Results for Donovan

interviews

Donovan

This week Jim and Greg talk with legendary '60s singer/songwriter Donovan. In honor of his 40th anniversary in the music business, Donovan has written an autobiography, released a box set, and set out on tour. A contemporary of Bob Dylan and The Beatles, Donovan was acclaimed for his finger-picking style, which he garnered from The Carter Family and demonstrates for our hosts.

Jim and Greg also want to know about the sex, drugs, and rock and roll in Donovan's life. Specifically, they discuss his experience being busted for drugs in 1966. His arresting officer, Sgt. Pilcher, later targeted fellow British rockers Keith Richards, Mick Jagger, Brian Jones and John Lennon.

Another part of the Donovan mythology involves the origin of his song "Mellow Yellow." As Jim points out, many people believe that Donovan was alluding to the ability to get high by smoking banana peels. While Donovan does not refute this idea, which was tried out by Country Joe McDonald, he also admits that part of the song's imagery was taken from a“marital device”he saw advertised in a magazine. In his book, Donovan also suggests that Andy Warhol may have been inspired by the "electrical banana."

Jim and Greg also ask Donovan about covers of his songs. They play for him the Butthole Surfers' rendition of "Hurdy Gurdy Man." Other notable covers include Hüsker Dü's "Sunshine Superman," Eartha Kitt's "Hurdy Gurdy Man," and My Morning Jacket's "Wear Your Love Like Heaven."

Go to episode 7
reviews
The Black Swan - SingleThe Black Swan available on iTunes

Bert Jansch The Black Swan

The final album up for review this week is by Scottish folk legend Bert Jansch. The guitarist and songwriter first received attention from fans like Neil Young, Jimmy Page and Sound Opinions guest Donovan, and now, 40 years later, he has finally been signed to an American record label. The Black Swan, released by Chicago-based Drag City, sounds like a classic Jansch record with melancholic tunes and his signature skillful guitar playing. But, there's also some young blood: Devendra Banhart, Beth Orton, and Mazzy Star's Dave Roback all make contributions. Immediately after listening to the track "When the Sun Comes Up," Jim announces that he despises this record. He thinks it is“pretentious boring drivel,”which he“hated to the core of his being.”This critic gives The Black Swan a Trash It. Greg contends that the guitar playing is brilliant and the songs beautiful. He thinks Jim completely missed the point, and gives it a Buy It.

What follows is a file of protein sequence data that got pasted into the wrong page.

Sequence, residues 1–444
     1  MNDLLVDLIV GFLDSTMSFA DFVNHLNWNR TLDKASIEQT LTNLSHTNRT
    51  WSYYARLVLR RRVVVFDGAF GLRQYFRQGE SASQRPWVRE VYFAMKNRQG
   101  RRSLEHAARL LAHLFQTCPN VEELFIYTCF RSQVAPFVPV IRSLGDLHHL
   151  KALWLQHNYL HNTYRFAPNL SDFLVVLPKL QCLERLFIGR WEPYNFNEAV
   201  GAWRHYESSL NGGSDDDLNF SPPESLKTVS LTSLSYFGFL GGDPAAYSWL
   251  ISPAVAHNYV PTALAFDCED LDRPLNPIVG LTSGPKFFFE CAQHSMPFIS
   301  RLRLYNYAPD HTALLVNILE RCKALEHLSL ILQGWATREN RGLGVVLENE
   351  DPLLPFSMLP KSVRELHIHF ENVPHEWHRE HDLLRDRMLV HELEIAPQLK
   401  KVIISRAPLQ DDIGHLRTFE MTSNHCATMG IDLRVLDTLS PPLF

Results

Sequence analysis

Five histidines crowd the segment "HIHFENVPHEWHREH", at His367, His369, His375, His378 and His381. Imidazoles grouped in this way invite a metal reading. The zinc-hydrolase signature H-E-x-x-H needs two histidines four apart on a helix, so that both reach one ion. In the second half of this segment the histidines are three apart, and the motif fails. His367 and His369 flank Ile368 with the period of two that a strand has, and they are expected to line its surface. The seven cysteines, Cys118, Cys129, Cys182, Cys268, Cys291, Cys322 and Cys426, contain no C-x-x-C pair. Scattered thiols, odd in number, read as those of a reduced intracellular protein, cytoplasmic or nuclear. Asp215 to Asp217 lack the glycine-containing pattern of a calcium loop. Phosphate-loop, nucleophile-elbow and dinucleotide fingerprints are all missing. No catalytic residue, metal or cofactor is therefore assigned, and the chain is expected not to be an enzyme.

JimGreg
Go to episode 51
Bob Mould Sunshine Rock

Bob Mould Patch The Sky

On his 13th solo album, Sunshine Rock, Hüsker Dü frontman and serious rocker Bob Mould threw longtime fans for a bit of a loop with four song titles referencing the sun and cover art resembling a lollipop. Greg calls it Mould's attempt at bubblegum pop, while Jim compares it to The Kinks' "Waterloo Sunset." He says since Mould formed a power trio with Superchunk drummer Jon Wurster and bassist Jason Narducy (formerly of Verbow) in 2012, he's been at a career high. The most recent albums recorded by that trio (Beauty & Ruin and Patch The Sky) have focused on the deaths of Mould's parents and now Jim says he's emerged in a happier place. It reminds him of Hüsker Dü covering Donovan's "Sunshine Superman." Greg points out the melodies are at the forefront and there's a lyrical theme of reconciliation. "The Final Years" is a wistful look back at time with his parents, while "I Fought" is like a message to his late songwriting partner Grant Hart, moving past bitterness to appreciation. Greg and Jim both appreciate Mould's honesty about who he is now.

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Go to episode 690
lists

Halloween Monster Songs

Every Halloween Jim and Greg like to celebrate with music. And this year they focused on monsters. From vampires to werewolves to Jim's favorite, zombies, here are a selection of tunes for your next monster bash.

Go to episode 361